Plasmonic ceramic materials key to advances in nanophotonics for extreme operational conditions
Progress in developing nanophotonic devices capable of withstanding high temperatures and harsh conditions for applications including data storage, sensing, health care and energy will depend on the research community and industry adopting new "plasmonic ceramic" materials, according to a commentary this week in the journal Science.
In one promising nanophotonic approach – plasmonics - clouds of electrons called surface plasmons are used to manipulate and control light on the nanometer scale. Plasmonic devices under development often rely on the use of metals such as gold and silver, which are not practical for most industrial applications because they are unable to withstand extreme heating and other harsh conditions. They also are not compatible with the complementary metal–oxide–semiconductor (CMOS) manufacturing process used to construct integrated circuits.
Now researchers are proposing the use of plasmonic ceramics such as titanium nitride and zirconium nitride instead of gold and silver.
"We have recently shown that plasmonic ceramics do offer properties similar to gold but have advantages that these noble metals don't have," said Alexandra Boltasseva, an associate professor of electrical and computer engineering at Purdue University.
She co-authored a Perspectives article this week in Science with Vladimir M. Shalaev, scientific director of nanophotonics at Purdue's Birck Nanotechnology Center and a distinguished professor of electrical and computer engineering.
Plasmonic ceramic materials are promising for various potential advances, including far denser data recording and storage than now possible; sensors capable of withstanding high-temperatures for the oil and gas industries; new types of light-harvesting and waste energy recovering systems; electronic circuits that harness light to process information; and cancer treatment.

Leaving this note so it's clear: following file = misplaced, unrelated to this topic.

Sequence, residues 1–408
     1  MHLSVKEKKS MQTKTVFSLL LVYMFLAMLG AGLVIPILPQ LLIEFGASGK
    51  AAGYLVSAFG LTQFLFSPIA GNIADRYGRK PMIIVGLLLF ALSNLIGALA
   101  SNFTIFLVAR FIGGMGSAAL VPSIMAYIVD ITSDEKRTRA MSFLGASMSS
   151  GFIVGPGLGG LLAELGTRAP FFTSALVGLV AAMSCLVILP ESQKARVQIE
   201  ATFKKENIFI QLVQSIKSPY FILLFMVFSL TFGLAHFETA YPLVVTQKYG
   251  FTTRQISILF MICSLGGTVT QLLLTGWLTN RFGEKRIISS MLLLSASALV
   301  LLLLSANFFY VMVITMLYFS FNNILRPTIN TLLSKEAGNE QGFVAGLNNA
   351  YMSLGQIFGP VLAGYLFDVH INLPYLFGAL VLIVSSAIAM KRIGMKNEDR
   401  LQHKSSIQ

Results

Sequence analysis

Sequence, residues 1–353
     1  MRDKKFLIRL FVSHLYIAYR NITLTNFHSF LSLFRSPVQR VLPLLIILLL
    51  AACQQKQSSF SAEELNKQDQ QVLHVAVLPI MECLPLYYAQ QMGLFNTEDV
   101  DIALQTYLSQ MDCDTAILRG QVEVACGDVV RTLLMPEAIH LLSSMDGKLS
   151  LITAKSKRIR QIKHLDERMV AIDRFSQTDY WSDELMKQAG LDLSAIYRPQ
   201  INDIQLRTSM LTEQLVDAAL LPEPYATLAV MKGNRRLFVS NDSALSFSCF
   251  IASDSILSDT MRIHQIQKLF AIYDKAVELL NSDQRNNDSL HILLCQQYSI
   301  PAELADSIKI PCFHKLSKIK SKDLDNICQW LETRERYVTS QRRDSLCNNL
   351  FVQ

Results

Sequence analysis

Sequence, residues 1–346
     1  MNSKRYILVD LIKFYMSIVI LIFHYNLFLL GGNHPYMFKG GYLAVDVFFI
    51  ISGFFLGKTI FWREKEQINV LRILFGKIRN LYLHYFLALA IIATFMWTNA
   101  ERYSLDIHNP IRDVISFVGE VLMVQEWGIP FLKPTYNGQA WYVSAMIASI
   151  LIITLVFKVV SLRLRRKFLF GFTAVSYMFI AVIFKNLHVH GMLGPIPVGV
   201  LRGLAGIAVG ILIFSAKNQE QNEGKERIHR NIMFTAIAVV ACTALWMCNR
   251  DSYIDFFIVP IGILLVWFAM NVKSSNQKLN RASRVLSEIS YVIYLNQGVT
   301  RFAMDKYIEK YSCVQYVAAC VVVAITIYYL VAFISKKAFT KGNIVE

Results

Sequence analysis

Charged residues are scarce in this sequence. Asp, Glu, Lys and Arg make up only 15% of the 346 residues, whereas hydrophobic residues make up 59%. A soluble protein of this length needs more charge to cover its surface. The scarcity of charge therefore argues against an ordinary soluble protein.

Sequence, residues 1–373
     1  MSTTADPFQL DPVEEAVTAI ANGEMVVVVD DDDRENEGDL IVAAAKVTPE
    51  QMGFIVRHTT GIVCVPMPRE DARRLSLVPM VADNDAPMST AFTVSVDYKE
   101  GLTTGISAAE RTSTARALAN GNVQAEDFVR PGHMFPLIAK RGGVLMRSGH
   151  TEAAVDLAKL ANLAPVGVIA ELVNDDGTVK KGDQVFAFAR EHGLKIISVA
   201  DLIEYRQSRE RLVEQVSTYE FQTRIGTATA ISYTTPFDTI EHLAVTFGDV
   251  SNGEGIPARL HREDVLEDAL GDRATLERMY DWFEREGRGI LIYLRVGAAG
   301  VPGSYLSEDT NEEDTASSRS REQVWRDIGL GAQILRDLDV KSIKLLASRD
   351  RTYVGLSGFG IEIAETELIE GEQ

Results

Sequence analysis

"It may be only a few years before we have some devices and new functionalities made possible by plasmonics," Boltasseva said.
Shalaev and Boltasseva formed Nano-Meta Technologies Inc. in the Purdue Research Park, and are working to develop new technology for data recording in computer hard drives based on heat-assisted magnetic recording, or HAMR; solar thermophotovoltaics, in which an ultrathin layer of plasmonic "metamaterials" could improve solar cell efficiency; and a new clinical therapeutic approach using nanoparticles for cancer treatment.
HAMR could make it possible to record data on an unprecedented small scale using "nanoantennas" and increase the amount of data that can be stored on a standard magnetic disk by 10 to 100 times, Shalaev said.
In cancer therapy, nanoparticles are injected into the bloodstream and aggregate around tumors. When exposed to a light source, they heat up, killing cancer cells. However, gold particles offer a challenge because they must be fashioned into specific geometric shapes such as "nanoshells," or they will not work.
"But with titanium nitride we can use simple and small particles like nanospheres, and they will function just as well as the complex geometries required for gold," Boltasseva said.
Other potential applications include tiny photodetectors and light interconnects and modulators small enough to fit on electronic chips.